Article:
Instant Gratification: “Zootopia” and four other good movies to watch on Netflix

zootopia

Pick of the week: “Zootopia” (Netflix)My full review is here. This candy-coated Disney animated film doesn’t sugarcoat the complexities of race relations, as a bunny rookie cop (Ginnifer Goodwin) comes to the big city and learn that all the animals there don’t live in quite the harmonious mosaic that she thought. It’s relentlessly clever, funny and resonant — when a villain who has been pitting one group of animals against another exclaims “Fear always works!,” one can’t help but think of a certain 2016 presidential campaign or two. (Okay, just one.)

“Raiders!” (Netflix)My full review is here and interview with the filmmakers is here. The story of how teens Eric Zala and Chris Strompoulos made their own shot-for-shot remake of “Raiders of the Lost Ark” over seven summers would have made for a plenty fun documentary. But by weaving the history in with the now middle-aged filmmakers attempts to complete the one scene they couldn’t do as kids, “Raiders!” becomes deeper and more poignant and its look at the possibilities and limitations of teenage fan culture.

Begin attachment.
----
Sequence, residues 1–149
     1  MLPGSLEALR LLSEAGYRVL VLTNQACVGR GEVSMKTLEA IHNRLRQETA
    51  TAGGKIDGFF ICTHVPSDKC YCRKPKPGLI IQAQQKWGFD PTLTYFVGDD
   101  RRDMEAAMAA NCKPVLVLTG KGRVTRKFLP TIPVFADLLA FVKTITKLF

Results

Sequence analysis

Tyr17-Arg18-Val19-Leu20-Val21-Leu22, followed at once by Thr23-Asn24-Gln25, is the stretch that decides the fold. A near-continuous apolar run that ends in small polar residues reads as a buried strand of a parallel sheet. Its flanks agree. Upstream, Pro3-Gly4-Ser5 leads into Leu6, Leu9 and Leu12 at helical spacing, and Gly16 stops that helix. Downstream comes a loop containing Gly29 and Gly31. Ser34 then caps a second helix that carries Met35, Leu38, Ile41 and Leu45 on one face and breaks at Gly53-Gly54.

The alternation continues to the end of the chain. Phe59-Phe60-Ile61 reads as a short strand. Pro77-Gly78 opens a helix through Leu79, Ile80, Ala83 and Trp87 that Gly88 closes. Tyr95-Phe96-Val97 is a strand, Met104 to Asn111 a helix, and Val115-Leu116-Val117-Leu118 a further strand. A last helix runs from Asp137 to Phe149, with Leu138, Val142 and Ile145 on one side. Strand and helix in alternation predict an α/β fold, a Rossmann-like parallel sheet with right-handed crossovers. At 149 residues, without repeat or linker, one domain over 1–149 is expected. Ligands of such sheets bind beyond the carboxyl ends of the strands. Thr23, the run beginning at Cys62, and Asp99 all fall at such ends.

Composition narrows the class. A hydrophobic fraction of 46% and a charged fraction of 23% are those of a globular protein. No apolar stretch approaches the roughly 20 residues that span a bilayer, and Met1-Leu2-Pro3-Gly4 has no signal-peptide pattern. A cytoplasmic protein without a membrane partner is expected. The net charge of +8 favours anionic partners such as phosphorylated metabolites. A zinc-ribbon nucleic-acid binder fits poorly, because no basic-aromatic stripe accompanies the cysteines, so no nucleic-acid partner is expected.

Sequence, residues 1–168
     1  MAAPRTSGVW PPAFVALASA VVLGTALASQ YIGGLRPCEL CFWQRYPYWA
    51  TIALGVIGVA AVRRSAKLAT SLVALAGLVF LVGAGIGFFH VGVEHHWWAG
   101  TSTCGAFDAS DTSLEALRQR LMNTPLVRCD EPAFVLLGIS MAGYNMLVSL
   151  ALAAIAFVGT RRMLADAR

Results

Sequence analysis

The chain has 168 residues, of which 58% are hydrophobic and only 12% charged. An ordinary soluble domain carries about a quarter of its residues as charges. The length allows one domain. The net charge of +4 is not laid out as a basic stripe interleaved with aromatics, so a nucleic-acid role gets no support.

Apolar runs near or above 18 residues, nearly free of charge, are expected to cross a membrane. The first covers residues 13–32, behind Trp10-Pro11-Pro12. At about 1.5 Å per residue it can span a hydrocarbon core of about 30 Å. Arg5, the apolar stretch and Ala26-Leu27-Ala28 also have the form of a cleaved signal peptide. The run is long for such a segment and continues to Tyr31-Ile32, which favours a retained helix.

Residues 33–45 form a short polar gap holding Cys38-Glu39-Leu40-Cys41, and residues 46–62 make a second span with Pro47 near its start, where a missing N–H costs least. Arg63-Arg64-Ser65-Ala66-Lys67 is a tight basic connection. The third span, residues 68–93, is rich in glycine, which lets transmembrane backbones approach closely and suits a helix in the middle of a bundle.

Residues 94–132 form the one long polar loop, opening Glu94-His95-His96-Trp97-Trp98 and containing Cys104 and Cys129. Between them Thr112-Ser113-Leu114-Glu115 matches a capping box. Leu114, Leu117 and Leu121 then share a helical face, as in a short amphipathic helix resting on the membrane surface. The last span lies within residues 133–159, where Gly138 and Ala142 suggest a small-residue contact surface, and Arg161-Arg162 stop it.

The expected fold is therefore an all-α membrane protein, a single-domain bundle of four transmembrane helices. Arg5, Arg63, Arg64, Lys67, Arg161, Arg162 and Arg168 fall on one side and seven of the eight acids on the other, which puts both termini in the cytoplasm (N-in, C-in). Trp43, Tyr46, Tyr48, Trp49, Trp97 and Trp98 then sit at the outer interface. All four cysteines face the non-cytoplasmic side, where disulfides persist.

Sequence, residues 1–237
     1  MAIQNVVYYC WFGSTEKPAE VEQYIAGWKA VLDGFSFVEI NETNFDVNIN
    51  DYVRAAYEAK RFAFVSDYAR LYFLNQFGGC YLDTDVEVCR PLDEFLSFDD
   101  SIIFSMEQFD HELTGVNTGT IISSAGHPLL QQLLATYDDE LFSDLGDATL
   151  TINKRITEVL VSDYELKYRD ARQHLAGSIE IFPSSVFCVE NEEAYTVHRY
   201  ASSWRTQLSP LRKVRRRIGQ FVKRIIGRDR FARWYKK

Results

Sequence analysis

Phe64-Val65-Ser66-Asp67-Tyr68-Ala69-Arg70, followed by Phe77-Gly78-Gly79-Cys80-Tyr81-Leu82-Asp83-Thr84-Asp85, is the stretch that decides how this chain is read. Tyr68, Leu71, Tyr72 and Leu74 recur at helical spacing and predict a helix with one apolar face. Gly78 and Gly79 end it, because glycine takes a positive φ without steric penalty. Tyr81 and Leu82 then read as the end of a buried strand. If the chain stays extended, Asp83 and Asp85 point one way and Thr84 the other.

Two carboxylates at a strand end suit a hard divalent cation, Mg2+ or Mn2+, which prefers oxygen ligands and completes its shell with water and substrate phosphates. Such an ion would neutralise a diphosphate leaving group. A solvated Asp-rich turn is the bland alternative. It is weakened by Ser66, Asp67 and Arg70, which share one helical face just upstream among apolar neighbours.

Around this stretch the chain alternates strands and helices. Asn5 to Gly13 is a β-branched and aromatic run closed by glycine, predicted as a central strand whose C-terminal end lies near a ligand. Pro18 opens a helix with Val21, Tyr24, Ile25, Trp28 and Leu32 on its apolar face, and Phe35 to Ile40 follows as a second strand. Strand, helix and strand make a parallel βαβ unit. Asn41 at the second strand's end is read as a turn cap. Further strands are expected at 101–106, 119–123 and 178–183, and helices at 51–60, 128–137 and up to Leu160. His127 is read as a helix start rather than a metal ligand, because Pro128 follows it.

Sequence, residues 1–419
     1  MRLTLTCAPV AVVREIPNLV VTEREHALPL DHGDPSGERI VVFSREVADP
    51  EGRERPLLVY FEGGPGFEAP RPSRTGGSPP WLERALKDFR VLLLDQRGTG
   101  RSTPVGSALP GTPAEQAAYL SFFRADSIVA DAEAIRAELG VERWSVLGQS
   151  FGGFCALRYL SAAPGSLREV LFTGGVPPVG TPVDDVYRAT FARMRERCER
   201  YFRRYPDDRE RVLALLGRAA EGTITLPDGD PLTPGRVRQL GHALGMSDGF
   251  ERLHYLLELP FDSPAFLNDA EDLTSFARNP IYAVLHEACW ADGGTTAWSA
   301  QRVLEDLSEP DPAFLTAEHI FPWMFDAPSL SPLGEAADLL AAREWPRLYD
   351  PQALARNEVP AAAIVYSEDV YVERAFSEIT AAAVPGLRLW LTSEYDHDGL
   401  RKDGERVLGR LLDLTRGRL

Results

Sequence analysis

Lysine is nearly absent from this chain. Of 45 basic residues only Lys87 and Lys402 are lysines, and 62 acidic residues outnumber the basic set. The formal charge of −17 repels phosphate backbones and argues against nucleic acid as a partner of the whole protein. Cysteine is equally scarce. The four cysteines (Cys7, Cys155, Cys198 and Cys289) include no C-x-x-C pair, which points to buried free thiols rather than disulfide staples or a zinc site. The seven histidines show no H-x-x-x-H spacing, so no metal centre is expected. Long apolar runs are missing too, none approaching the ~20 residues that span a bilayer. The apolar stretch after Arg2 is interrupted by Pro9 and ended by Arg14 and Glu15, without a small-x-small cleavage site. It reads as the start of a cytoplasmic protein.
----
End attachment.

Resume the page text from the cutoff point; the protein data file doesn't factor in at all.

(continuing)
“Sunset Song” (Netflix)My full review is here. You probably missed seeing Terence Davies’ sumptuous latest film on the big screen, but definitely catch it on Netflix. Set in rural Scotland before and during World War I, the film follows the maturing of a teenage girl (Agyness Deyn) as she learns what a hard and unrewarding existence life on the farm can be, especially for a woman with few options surrounded by scared, brutal men. The land is beautiful, but it doesn’t let its people go easily.

“Young Adult” (Amazon Prime and Hulu) — Jason Reitman tested audiences’ willingness to follow an unlikable character in this acerbic comedy, starring Charlize Theron as a former teenage popular girl turned YA novelist who comes back to her hometown and hopes to woo her old high school boyfriend (Patrick Wilson). Except that real life isn’t like a YA novel, and if it was she’d be the villain not the hero. Patton Oswalt also stars as the former high school misfit who, in the end, she has more in common with than anyone else.

“Wiener-Dog” (Amazon Prime)My full review is here. An adorable little dachshund falls in and out of the lives of several owners. It sounds like heartwarming family fare, except that the writer-director is Todd Solondz (“Welcome to the Dollhouse”), so you know this will be jet-black comedy about miserable people who sort of deserve their fates. Some of the segments in this anthology film are better than others, especially Danny DeVito as a disgruntled film school professor, but the dog carries itself with dignity throughout.

 

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